Anand: I like to joke that if we had moved Arjun Erigaisi to Team ‘B’, then we would have a junior team — the obvious personal connection is that they’re all in the Westbridge Anand Chess Academy (WACA). Having said that, it’s fantastic that so much fresh talent is representing India. The recent performances of R. Praggnanandhaa... He did well in Wijk aan Zee and then followed up with great performances on the Online Tour. He didn’t gain rating points because he’s been playing these private events but his performance level has been appreciating. Then you have D. Gukesh’s phenomenal rise and Arjun’s sensational performances this year. Both have gained a lot of rating points. Both are in the top-70 of the world. Nihal Sarin had a slow patch, but he opened the month by beating (Shakhriyar) Mamedyarov in the league. It shows that his level is still there. He needs just the right breaks. So its just a very nice, young and exciting team. I think that’s the extra shot that we have in there. I don’t know if we will get a third team. May be.
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What about the prospects?
Anand: As for our prospects, first of all, we should acknowledge that the U.S., at its full strength, will be the favourite. It’s not like I don’t fancy Indian teams to compete against that. I think for the rest, we have a good team, you still have to win the medal, nothing is given to you.
Abhijit: I think, without doubt, we have a good chance with Team A. Even our Team B — where we have Mary Ann Gomes, Soumya Swaminathan, Vantika Agarwal. Padmini Rout, Divya Deshmukh and Vantika Agarwal — has a great amount of experience. But it depends on how things actually work out during the tournament and how other medal contenders fare. It is very important how you fare against the strong opposition. If you’re not able to secure a draw or win against them, then it’s very tough to get the medal. It is not about beating the weaker opposition and then losing to strong opposition.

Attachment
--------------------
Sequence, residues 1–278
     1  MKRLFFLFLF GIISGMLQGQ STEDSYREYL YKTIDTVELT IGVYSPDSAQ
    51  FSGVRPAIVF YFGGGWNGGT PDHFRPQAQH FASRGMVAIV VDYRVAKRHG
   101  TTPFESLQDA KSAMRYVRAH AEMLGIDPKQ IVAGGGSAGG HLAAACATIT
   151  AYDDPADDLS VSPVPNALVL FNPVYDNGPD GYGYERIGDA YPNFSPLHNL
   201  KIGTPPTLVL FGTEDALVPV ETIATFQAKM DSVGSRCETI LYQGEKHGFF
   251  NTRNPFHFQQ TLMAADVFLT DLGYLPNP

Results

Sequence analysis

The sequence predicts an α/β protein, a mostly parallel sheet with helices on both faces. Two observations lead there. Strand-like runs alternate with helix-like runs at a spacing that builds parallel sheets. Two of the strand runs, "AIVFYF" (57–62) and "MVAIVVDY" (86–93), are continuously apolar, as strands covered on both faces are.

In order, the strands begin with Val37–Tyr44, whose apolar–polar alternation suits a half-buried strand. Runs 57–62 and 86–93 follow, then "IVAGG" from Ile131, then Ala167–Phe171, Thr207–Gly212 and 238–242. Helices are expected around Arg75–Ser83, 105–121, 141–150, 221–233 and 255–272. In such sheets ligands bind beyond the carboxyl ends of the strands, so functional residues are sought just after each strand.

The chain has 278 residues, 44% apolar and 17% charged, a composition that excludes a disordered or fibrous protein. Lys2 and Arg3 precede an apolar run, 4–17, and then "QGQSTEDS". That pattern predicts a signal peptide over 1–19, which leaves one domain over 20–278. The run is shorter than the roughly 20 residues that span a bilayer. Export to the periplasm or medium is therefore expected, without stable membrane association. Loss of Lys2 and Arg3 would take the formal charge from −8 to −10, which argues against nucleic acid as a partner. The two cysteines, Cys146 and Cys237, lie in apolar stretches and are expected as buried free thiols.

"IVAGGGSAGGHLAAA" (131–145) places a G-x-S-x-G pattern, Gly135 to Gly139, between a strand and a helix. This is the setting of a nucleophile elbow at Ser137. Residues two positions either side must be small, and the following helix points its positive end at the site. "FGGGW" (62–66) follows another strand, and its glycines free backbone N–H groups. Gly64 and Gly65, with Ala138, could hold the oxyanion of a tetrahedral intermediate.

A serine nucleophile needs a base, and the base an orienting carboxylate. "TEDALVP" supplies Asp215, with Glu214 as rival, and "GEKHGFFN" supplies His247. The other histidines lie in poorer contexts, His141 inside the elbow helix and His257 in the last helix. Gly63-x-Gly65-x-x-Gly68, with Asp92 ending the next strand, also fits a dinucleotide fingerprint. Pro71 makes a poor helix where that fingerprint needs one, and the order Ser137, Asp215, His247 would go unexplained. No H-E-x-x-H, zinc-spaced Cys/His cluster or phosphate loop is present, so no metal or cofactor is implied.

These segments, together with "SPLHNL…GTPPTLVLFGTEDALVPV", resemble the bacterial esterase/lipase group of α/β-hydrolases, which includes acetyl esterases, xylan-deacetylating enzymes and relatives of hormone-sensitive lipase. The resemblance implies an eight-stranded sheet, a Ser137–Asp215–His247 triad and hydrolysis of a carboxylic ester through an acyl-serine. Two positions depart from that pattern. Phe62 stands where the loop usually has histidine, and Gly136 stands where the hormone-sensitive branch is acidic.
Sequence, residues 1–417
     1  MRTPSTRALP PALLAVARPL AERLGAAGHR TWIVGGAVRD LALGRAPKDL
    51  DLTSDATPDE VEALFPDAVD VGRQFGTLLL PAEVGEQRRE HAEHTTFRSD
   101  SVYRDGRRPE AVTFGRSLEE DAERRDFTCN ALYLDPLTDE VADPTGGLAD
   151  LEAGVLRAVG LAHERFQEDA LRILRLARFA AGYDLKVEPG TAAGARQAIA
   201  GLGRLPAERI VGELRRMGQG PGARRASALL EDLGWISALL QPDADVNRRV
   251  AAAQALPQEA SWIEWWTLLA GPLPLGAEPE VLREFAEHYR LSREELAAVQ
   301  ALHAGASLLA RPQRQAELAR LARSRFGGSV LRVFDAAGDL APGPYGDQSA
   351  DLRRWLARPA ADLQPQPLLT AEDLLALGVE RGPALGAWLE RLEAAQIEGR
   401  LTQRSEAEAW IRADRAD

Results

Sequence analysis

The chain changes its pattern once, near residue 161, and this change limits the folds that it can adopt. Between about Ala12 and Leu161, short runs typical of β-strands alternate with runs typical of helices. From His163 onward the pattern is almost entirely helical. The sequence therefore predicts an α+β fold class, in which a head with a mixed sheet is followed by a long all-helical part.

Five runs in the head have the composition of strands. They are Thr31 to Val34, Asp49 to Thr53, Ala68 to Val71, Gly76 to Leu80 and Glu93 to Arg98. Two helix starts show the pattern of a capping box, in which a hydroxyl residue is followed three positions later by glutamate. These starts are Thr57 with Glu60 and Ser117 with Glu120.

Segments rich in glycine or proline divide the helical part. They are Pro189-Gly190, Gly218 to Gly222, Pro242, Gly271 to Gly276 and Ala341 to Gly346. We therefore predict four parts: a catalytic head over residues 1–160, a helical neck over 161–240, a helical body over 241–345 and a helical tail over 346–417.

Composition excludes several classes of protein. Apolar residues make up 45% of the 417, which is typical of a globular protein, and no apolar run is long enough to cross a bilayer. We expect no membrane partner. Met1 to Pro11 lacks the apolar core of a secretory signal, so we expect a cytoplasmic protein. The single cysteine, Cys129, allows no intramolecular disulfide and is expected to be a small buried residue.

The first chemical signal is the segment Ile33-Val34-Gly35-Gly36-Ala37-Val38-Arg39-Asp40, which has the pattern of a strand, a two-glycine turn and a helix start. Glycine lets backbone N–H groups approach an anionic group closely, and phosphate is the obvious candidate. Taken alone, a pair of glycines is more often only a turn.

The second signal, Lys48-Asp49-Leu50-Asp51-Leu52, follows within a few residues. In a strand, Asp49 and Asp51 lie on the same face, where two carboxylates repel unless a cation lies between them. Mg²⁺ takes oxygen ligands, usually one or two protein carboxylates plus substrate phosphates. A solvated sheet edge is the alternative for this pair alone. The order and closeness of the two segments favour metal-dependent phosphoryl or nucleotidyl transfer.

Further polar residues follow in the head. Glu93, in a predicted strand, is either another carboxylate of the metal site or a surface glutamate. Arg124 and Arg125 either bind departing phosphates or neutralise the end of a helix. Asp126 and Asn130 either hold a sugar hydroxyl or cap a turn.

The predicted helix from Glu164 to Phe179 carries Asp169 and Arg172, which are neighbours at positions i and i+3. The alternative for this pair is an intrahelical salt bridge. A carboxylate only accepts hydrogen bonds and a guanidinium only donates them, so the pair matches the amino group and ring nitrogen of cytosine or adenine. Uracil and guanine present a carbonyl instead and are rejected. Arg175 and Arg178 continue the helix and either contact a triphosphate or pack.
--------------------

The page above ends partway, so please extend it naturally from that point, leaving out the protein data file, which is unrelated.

Given the unpredictability of the Swiss format, how do you suggest a way to the medal bracket?
Anand: This format is unpredictable, with match-points and game-points. In match-points, there will be clutch matches, and you’ve got to pull through. The stronger your team is, the hungrier your team is, the odds improve to win at least one clutch match and then may be, both clutch matches. But you are right. It’s funny that when you play a strong Olympiad, you have to do well, but it comes down to one or two moments. That’s the nature of sport. Even in tournaments, it’s the same phenomena. On that day, and that moment, you have to be there. And there’s no getting around it. It’s enough for any one weak link to collapse and it spoils the entire team in the match-points, unlike a board-point. So it’s important. And nowadays the tendency between top teams to go for 2.5-1.5 results is quite high. It’s quite rare and usually caused by one board collapsing but then the other boards risk a lot and you get a 3-1 result. So, we have a stronger team on average, which means we will survive the clutch points better.
Abhijit: I remember in 1998, when I played my first Olympiad, we played with Russia B and held them. That was big news.
Srinath: I think times started changing since 2018. We were facing teams like Russia on equal terms. I don’t think we were worse on any of the boards. I think we felt comfortable with the black pieces. We may have had some pressure with the white pieces, one or two games. Times have started changing. And so I think, we can go on equal terms with any team on any day.
What about the pressure on the almost-teen Team B in the Open section?
Srinath: To be honest, I think, the pressure will be similar to the one they face against competition of such intensity (in tournaments). I think, especially when you are younger, you have some kind of tunnel vision. You tend to look at very specific things. So, I really don’t expect them to be affected by things outside of chess so much.
Things can happen within the chess part of it. They are having certain kinds of experiences for the first time. But I really don’t think they will be looking too much into what other people are saying on social media or the general expectations. I don’t expect these factors to affect the juniors so much.
Anand: The spotlight will be there and some people can react negatively. Hopefully, they’re able to shut themselves out. We know it’ll come down to some crucial matches later. It’s nice to see they’re never bothered about pressure. But it will be the first time and they have no warning. So, I hope they will pay attention.